London and Dallas-based Accsys Technologies recently announced a new variant of the modified wood product Accoya, but this one is made with North American red alder. The company puts wood through a proprietary acetylation process in whichwood molecules that want to bond with water are replaced with more stable acetyl groups. This improves durability, hardness, water absorption, and dimensional stability.
I’m catching up on some reading and noticed a great article in the October issue of Dwell by @DianaBudds. In “Counter Arguments,” Dwell shares its findings from putting seven eco-friendly surfaces to test with stains, spills, cleaver chops, and falling objects. We’ve mentioned most of these surfaces previously, but some of Dwell‘s findings are summarized below in case you’re thinking about an upgrade or purchase.
Keeping our tootsies pampered during midnight trips to the bathroom is a job any carpet can handle. But clean the air of all that icky stuff floating around that we know is there but glad we can’t see? According to Dutch carpet manufacturer Desso, their new carpet line AirMaster can greatly reduce the concentration of that microscopic particulate matter to improve indoor air quality eight times better than hardwood floors. Tall claim, but they have several independent studies backing it up.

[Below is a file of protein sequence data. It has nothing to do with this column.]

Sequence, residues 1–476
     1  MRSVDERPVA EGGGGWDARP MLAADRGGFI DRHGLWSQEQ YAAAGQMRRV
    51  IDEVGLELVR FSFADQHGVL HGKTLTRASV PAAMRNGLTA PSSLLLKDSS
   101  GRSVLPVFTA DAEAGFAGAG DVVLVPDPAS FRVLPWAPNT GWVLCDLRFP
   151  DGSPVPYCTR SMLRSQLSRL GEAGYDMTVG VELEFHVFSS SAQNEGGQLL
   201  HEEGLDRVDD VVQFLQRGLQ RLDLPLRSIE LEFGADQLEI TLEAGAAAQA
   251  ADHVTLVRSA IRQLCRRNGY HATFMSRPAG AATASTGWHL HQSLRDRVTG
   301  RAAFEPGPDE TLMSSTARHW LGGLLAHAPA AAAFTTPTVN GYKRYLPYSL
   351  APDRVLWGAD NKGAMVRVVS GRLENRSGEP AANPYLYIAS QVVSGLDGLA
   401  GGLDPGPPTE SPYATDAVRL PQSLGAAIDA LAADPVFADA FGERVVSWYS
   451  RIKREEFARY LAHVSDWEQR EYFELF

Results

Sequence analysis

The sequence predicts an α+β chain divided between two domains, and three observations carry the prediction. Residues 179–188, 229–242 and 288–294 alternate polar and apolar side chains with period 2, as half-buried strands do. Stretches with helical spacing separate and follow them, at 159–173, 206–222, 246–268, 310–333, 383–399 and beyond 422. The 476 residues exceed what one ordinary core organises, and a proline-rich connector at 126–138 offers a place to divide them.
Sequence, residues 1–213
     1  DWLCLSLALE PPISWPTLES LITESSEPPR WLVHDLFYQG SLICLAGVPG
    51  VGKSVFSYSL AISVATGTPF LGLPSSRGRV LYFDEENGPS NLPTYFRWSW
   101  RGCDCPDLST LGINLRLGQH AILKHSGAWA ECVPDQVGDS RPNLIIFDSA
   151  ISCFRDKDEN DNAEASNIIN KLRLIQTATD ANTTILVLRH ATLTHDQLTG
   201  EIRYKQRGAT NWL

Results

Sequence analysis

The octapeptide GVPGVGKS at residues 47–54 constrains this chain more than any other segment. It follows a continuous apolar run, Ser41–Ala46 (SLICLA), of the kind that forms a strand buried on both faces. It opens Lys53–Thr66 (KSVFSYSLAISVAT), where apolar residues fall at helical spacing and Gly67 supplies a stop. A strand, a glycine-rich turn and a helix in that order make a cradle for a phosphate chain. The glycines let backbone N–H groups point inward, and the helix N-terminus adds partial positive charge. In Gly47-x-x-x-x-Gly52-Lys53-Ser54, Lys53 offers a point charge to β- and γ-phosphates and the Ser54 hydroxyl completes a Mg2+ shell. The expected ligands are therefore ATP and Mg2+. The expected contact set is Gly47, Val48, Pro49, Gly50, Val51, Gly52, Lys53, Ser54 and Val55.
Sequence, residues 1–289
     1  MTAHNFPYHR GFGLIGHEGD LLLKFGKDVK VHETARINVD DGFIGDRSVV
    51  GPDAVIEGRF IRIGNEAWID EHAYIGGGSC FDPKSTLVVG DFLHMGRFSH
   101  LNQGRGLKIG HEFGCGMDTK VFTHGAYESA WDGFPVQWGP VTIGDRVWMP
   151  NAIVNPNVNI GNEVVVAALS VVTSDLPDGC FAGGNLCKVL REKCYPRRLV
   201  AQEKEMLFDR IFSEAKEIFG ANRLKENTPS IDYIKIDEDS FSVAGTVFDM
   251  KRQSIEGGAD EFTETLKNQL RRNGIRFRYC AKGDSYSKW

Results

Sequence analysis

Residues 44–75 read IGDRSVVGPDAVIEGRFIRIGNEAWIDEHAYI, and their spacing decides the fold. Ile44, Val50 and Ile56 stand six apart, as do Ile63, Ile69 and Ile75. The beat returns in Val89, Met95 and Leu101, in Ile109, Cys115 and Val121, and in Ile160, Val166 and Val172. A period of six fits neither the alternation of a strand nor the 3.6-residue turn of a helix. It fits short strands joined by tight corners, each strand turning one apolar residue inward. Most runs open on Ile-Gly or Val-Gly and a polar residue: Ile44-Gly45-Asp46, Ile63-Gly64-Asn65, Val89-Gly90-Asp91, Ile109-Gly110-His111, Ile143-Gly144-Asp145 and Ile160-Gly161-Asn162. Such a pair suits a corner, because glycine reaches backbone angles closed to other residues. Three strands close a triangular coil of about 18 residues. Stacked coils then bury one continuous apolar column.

After five years of internal and third-party testing, Boral USA today announced the introduction of TruExterior Trim, an exterior trim material made with a blend of bio-based polymers and coal combustion product materials. The poly-ash product contains a minimum of 70% recycled content and a Cradle to Cradle Certified Silver designation.
K-tect Sustainable Building Systems makes a wall system that the company calls the “newest generation of structural insulated panels.” Although not a sandwich panel, the system is kind of like rSTUD but different and more comprehensive. K-tect includes a light-gauge, metal-stud frame with insulation in a thermally broken assembly (see below) that improves thermal efficiency and controls noise.
Once again, there is discussion in the U.S. Green Building Council (“USGBC”) to allow other wood certifying organizations to have a place within the LEED guidelines for green construction. The new Pilot Credit 43 [PDF] for certified products would allow several wood certifications — e.g., Forest Stewardship Council, Sustainable Forestry Initiative, American Tree Farm — to contribute to a point under the trial credit.